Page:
I was wondering if there would be any way to do the following in PostgreSQL:

UPDATE cryptotable SET work = work + 'some big hexadecimal number'

where work is an unsigned 256 bit number. Right now my column is a character varying(64) column (hexadecimal representation) but I would be happy to switch to another data type if it lets me do the operation above.

If it's not possible with vanilla PostgreSQL, are there extensions that could help me?

(I also posted this to pgsql-hackers so check out the thread there for more ideas.)

  • 1
    It should be possible with the arbitrary precision numeric type, but performance of unpacking hex into a numeric in PL/PgSQL is likely to be absolutely horrifying. It might be worth writing a small C extension function to decode the hex into a numeric. – Craig Ringer Apr 10 '14 at 13:35
  • 1
    I wouldn't bother unpacking. In any procedural language, you may add the hex characters directly with a loop from right to left with carry propagation. In C, I'd bet any other method would be slower. – Daniel Vérité Apr 11 '14 at 10:28

Using pg-bignum

The pg-bignum library does what you want. I just patched it to accept hex input.

Download the library. Run

make
sudo make install

Now, run

CREATE EXTENSION bignum;

Now you can take a 256 bit number like this

59 51 a1 20 2e 65 62 26 ab f3 af e6 93 16 db 1c 
3b 37 24 47 75 32 72 95 79 e9 d7 fa 38 12 c0 0e 

And feed it to bn_hex_in(),

SELECT bn_in_hex('5951a1202e656226abf3afe69316db1c3b3724477532729579e9d7fa3812c00e');
                                   bn_in_hex                                   
-------------------------------------------------------------------------------
 40400070184923956455012790534029088594440775740385060328118871212830923866126
(1 row)

You can confirm that with Wolfram Alpha

Size advantages

Numeric is pretty big, from the docs

Numeric values are physically stored without any extra leading or trailing zeroes. Thus, the declared precision and scale of a column are maximums, not fixed allocations. (In this sense the numeric type is more akin to varchar(n) than to char(n).) The actual storage requirement is two bytes for each group of four decimal digits, plus three to eight bytes overhead.

The above example in numeric is 46 bytes (you can check with ::text::numeric), as a bignum it's 36.

I couldn't find a good answer to the underlying question of converting a very large hexadecimal number to a numeric type, so even though it's several years late, here's my alternative approach:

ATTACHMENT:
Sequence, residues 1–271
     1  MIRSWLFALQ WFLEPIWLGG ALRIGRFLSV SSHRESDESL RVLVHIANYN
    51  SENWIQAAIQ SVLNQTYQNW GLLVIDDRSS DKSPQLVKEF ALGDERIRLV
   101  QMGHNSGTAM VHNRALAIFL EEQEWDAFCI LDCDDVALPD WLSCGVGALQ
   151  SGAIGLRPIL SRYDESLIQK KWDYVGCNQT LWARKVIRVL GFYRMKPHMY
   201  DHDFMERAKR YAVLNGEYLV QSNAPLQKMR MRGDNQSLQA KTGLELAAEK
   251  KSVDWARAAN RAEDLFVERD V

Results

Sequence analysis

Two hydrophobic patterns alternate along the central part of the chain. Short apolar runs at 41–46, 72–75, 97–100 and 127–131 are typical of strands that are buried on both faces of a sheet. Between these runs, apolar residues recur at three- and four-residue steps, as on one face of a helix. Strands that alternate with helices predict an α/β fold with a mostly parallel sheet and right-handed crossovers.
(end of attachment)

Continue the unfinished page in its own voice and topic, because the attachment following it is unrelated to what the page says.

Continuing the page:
CREATE FUNCTION hex2numeric(hex TEXT)
RETURNS NUMERIC AS $$
DECLARE
  nibble RECORD;
  decimal_digit NUMERIC;
  result NUMERIC := 0;
BEGIN
  -- Loop through each hexadecimal digit, starting from the right
  FOR nibble IN (SELECT (n - 1) AS position, SUBSTRING(REVERSE(hex) FROM n FOR 1) AS digit FROM generate_series(1, length( hex ), 1) n) LOOP
    -- get the decimal representation of the hex digit
    decimal_digit := ('x' || nibble.digit)::BIT(4)::INT::NUMERIC;
    -- multiply the digit by the nth power of 16 and add to the result
    result := result + (decimal_digit  * (16::NUMERIC^nibble.position::NUMERIC));
  END LOOP;
  RETURN result;
END
$$ LANGUAGE plpgsql IMMUTABLE;

Usage (e.g. with a 512-bit hex number):

psql=# select hex2numeric('87783308B813E3B4FB3271534D844EE8FDBDF302273B3E3D5CB3BF6E0117F45DBAFE1AD7D30FA91CE7F0D33C7E877CA544D1770E7AD4F37691426E89806CB48B')::NUMERIC(156,0);

                                                                        hex2numeric
------------------------------------------------------------------------------------------------------------------------------------------------------------
 7095114927382653019461910892845641210567311772867384729122528908252679853572077146666940749408552370045395041242349820090839313239920717104090735323165835
(1 row)

Given that it's doing it digit-by-digit it's probably not very performant, but it gets the job done for my use case.

This is an extension of the method described here for converting hex digits to decimals and the algorithm for converting and summing hex digits as described here.

up vote 0 down vote accepted

I ended up simply using the numeric type as suggested and doing the hex/numeric conversion in my application code.

  • 1
    Why was this answer down voted? What's wrong with it? Better solutions? – guettli Mar 6 '15 at 10:36
  • @guettli dba.stackexchange.com/a/192746/2639 (though I didn't downvote) – Evan Carroll Dec 9 '17 at 0:57
  • This is apparently a valid answer, and it's encouraged to answer your own question. The downvote sounds unwarranted. – ghayes Jul 26 at 23:16

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